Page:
“Our programme went live during the pandemic and we couldn’t have been doing this face-to-face, therefore this was a nice way of getting people to meet each other in a virtual sense.”

It’s a really positive way of sharing what they are doing and supporting each other. Although they are working on their individual schemes, they are part of a broader national programme. It’s nice to be able to see that blend of local and national coming together. They might be delivering a scheme in their particular high street but it is part of this bigger picture to use heritage as a means to both support regeneration and encourage people to high streets, and to be more aware of the value that heritage and high streets can bring to locals, people visiting, businesses and the economy.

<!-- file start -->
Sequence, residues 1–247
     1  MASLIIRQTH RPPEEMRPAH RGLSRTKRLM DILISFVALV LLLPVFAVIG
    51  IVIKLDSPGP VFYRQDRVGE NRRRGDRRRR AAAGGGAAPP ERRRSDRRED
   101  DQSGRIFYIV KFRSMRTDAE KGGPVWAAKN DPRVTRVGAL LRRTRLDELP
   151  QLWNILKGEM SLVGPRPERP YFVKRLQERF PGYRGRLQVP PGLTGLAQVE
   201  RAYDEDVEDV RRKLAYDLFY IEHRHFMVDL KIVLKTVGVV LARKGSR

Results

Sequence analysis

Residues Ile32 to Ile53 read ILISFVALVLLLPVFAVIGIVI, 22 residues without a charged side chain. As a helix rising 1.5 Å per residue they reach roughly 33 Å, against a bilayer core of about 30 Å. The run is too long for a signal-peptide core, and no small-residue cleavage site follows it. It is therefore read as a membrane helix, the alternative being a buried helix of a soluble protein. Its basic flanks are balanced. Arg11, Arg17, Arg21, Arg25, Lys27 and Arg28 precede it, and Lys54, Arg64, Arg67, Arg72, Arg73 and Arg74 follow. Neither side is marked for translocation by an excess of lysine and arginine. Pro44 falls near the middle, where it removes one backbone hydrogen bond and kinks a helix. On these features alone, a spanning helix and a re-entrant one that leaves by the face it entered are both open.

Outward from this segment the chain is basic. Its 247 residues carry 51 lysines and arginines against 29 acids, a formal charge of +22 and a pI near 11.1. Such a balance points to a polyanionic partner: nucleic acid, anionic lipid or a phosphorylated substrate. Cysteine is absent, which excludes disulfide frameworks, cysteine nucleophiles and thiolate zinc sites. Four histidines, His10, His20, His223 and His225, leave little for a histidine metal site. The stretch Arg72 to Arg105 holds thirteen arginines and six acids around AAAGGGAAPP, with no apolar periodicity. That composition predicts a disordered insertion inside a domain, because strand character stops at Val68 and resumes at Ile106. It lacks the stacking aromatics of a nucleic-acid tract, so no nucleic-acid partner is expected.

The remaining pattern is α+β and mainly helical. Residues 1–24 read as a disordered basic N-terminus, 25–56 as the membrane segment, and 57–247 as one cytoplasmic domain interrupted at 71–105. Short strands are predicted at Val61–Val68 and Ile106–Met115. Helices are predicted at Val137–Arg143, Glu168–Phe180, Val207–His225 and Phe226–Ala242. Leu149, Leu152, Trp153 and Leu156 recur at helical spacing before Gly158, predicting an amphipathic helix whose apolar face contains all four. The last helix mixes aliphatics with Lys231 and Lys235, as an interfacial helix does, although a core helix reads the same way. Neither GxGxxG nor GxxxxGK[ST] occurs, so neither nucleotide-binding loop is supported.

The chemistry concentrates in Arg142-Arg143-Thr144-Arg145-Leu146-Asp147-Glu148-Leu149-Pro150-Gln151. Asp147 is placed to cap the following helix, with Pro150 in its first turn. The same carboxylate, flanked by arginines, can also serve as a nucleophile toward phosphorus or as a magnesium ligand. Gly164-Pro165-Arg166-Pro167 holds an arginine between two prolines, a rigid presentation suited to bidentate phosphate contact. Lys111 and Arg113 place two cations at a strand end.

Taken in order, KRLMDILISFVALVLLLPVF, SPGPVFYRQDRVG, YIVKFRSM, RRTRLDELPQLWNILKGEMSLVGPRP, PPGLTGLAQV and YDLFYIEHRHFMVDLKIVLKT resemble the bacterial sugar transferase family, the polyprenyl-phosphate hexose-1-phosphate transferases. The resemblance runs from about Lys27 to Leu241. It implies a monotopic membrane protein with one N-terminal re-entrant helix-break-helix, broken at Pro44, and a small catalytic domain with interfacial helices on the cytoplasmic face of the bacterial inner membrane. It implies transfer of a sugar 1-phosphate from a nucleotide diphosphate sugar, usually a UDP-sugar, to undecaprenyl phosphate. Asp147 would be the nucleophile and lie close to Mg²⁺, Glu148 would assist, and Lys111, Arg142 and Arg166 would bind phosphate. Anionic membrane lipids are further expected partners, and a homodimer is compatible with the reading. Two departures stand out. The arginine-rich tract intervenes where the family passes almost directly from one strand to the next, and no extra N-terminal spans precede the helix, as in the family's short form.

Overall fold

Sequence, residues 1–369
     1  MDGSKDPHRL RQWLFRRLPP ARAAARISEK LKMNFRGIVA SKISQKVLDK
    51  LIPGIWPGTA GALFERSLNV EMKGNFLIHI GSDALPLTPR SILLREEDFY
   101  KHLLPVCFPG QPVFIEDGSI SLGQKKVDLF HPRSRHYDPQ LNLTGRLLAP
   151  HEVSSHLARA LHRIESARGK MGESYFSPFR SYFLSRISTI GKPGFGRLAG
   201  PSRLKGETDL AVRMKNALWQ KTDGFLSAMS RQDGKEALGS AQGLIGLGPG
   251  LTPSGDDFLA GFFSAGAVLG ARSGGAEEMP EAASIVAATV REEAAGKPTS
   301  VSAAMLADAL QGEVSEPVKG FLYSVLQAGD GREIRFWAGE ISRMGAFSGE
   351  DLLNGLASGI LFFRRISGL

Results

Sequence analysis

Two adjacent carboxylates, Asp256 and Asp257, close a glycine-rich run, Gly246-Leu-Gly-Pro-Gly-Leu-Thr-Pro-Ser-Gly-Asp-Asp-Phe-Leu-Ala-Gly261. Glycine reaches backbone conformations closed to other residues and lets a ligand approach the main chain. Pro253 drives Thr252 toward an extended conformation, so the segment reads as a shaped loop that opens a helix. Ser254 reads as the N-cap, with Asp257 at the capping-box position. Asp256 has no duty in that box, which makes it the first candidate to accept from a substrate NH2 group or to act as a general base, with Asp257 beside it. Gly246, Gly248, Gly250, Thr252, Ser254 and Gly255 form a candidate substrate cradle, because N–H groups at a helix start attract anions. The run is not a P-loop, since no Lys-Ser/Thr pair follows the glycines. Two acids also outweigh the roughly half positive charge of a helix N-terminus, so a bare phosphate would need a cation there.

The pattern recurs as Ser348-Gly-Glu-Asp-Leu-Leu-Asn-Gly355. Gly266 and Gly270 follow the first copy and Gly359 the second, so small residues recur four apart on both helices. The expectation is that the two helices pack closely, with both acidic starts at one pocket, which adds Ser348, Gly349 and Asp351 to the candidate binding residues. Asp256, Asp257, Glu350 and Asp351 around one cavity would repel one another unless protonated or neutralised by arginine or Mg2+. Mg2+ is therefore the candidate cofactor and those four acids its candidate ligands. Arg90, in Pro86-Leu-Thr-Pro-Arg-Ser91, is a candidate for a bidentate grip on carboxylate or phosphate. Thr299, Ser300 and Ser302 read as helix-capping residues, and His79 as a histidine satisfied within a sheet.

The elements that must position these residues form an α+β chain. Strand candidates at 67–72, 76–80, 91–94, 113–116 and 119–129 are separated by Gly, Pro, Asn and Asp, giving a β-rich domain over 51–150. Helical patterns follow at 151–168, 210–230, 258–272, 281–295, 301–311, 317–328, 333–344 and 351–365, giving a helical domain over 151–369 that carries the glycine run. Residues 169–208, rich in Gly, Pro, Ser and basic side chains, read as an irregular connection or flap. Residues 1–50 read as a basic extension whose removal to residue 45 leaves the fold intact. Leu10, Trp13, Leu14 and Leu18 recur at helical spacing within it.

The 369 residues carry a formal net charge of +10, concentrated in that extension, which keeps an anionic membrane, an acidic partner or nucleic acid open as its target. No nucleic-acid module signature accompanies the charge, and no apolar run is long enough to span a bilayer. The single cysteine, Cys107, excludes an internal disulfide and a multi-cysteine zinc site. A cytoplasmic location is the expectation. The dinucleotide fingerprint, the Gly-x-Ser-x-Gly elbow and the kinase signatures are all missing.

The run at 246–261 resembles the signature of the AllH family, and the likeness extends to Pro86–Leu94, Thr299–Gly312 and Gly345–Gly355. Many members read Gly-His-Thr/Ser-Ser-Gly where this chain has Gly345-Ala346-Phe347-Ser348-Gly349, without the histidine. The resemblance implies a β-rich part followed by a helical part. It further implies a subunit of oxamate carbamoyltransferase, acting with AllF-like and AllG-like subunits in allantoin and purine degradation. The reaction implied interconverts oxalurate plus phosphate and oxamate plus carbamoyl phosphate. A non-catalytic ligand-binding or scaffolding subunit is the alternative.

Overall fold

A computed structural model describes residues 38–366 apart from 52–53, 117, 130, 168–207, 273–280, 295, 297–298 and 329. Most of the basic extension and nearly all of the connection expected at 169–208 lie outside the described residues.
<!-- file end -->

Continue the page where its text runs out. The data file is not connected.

Our programme went live during the pandemic and we couldn’t have been doing this face-to-face, therefore this was a nice way of getting people to meet each other in a virtual sense. Even if it hadn’t been for COVID it still would have been a really valuable platform because we are covering the length and breadth of England, and you are not necessarily going to have as many opportunities to get people together, so having a virtual space has been really valuable and will continue to be really valuable if life ever goes back to whatever normal happens to be.